This bike empowers you to ride it anywhere, anytime, AND for as long as you want.
For a long time now, the GS nameplate has been synonymous with the phrase “Go everywhere, do everything”, and the latest refinement from Bavaria should be no different. The 2017 BMW R1200GS Exclusive has been updated in a few different ways; beefing up the electronics, slimming down the fairings, and slapping on a few bits to help it meet the EURO4 standards. While some things change, others stay the same, namely the bike’s everlasting ability to do just about anything.
On the road, the GS is just about everything you need, and is of course packed full of tech. The R1200GS Exclusive that I was given the keys to had all the option boxes ticked: Dynamic Package, Comfort Package, and the Touring Package had all found their way onto the bike. This adds a whole host of features including DTC (dynamic traction control), Dynamic ESA (electronic suspension adjustment), Hill Start Control, Shift Assistant Pro, and, one of my favourite parts of the bike, the LED headlight. Sure, this adds a plethora of acronyms and items to your spec sheet, but it all translates to a supremely effortless and confident riding experience.
The bike truly makes you feel empowered to ride it anywhere, anytime. While I’m typically a fair-weather rider, I found myself intentionally riding the GS in the rain to work one day – laughing my way through rush hour traffic, totally comfortable and relatively dry thanks to a hefty amount of wind and weather protection once you’re moving. The combination of the reworked fairings, boxer engine, and larger windscreen that comes on the Exclusive model all works well to shift raindrops around the rider.
One slight drawback to the larger windshield in particular is the slight distortion it creates when you tuck in behind it, which is simply a result of its kinked shape. That aside, the bike is as stable as a skyscraper’s foundation, in or out of the rain, and tossing it into Rain Mode pretty much enables you to fistfight a tsunami with one hand tied behind your back – and win.
Actually, let me correct myself. This bike empowers you to ride it anywhere, anytime, AND for as long as you want. I can attest to this after spending 12 hours in the saddle during a day of hooky, riding from Georgetown to Huntsville, spending some time on the twisties, then to the east end of Toronto, and back home to Georgetown. No soreness, no chapped ass, and no desire to stop riding. Add a 300+km range per tank, and you rarely need to stop.
One odd change that comes to the 2017 GS is an increased weight, likely as a result of the swelled up catalytic converter and other bits to meet the strictness of EURO4. Up to 538lb., from 525 in the previous generation, it sounds like a big gain. But translating this to actual riding, it’s far from noticeable. Thanks to the low center of gravity, the bike is still a cinch to handle at low speeds, and combined with its incredible suspension, becomes effortless to throw into a turn at speed. So much so that it almost feels as if you’re hovering through the bends, no doubt thanks to the Dynamic ESA.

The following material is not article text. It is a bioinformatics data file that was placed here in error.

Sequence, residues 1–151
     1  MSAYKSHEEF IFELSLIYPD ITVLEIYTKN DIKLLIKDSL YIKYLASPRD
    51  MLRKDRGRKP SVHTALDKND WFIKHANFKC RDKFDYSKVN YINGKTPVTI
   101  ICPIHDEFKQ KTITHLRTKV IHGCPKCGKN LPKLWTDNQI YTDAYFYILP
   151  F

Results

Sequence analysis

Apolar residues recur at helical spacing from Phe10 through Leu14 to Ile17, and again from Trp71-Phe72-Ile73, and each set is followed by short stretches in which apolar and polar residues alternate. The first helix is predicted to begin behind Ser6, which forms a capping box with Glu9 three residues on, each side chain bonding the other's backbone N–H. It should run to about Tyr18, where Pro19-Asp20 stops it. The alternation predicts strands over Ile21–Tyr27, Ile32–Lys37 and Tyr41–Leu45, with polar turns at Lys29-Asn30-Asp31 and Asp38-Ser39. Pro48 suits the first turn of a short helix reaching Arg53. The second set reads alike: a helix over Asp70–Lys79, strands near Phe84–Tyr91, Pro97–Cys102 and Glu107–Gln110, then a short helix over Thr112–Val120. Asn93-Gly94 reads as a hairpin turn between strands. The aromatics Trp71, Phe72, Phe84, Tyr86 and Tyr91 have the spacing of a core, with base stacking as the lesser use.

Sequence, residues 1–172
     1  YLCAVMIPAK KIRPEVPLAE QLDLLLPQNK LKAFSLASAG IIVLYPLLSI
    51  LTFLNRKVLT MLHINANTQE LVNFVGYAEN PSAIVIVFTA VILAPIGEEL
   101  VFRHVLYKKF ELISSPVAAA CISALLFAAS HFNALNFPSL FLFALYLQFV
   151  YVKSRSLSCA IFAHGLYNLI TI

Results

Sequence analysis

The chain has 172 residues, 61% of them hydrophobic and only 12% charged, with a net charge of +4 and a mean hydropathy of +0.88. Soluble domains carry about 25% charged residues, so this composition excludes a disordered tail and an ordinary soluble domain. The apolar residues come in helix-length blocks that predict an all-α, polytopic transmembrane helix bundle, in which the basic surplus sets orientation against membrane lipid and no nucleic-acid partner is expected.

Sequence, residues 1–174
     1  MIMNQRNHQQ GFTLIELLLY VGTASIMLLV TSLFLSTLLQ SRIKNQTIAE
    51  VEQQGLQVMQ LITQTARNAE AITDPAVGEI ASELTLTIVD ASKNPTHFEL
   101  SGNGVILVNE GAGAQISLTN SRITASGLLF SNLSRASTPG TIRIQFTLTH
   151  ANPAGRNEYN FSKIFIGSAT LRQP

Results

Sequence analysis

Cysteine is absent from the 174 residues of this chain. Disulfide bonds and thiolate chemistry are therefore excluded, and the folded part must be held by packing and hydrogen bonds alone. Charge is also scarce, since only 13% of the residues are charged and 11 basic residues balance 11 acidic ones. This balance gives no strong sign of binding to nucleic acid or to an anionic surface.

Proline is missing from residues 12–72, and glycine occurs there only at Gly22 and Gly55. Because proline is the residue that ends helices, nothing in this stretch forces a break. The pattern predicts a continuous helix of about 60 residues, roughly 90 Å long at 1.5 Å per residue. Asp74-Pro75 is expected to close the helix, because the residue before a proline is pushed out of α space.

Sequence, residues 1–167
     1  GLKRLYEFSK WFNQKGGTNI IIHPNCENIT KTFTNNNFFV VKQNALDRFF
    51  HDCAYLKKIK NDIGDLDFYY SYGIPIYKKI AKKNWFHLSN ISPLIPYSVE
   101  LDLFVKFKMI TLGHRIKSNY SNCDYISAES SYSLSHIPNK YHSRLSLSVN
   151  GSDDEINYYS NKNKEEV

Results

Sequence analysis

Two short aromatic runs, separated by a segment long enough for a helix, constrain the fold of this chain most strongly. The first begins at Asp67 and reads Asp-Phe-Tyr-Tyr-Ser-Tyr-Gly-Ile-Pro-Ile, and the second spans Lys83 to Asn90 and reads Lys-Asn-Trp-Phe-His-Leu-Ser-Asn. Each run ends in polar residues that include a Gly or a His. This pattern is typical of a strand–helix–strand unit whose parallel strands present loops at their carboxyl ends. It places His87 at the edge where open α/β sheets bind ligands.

Basically, the new updated ESA takes care of dampening automatically, so you no longer have the incredible inconvenience of having to switch between dampening modes on the fly. BMW has programmed the bike to automatically keep itself relatively level based on riding inputs and a number of sensors around the bike. This really becomes noticeable under heavy braking, and especially into corners. Where many other bikes would dive, even with stiff suspension settings, the GS stays flat. It helps that the GS has an extra shock up front, without a doubt.
There’s not much I can find fault with the GS for, but when grasping as some mud-covered straws, I’d have to say that I’m not a huge fan of the analog speedometer. It does add an air of ruggedness and utilitarianism to the bike, but it just doesn’t have a high enough contrast for it to be quickly readable during daylight hours, and the needle is thick enough to obscure most of the speed numbers if you’re cruising at, say, 80. Not a huge problem, but when this bike does such a fantastic job of tricking you into thinking you’re going much slower than you are, it would be a nice thing to see the speed digitally. That aside, I found the injectors to be a touch “clicky” when cruising. Again, far from a deal-breaker, but
While I didn’t get a true chance to test the capabilities of the 2017 BMW R1200 GS Exclusive off-road, and on-trail, there is little doubt in my mind that things have changed in any way but for the better. It’s a tried and true formula for BMW, and is arguably the core of their motorcycle brand. All said and done, the latest GS is another perfect diamond only with a more sparkling cut. It remains the benchmark in the adventure segment, but has a price tag to match that. At an as-tested price of $26,369 the bike is more expensive than some economy cars, but goddamn, does it ever do a lot more than one. Frankly, I’d rather ride it through a snowstorm than my old 2007 Honda Civic.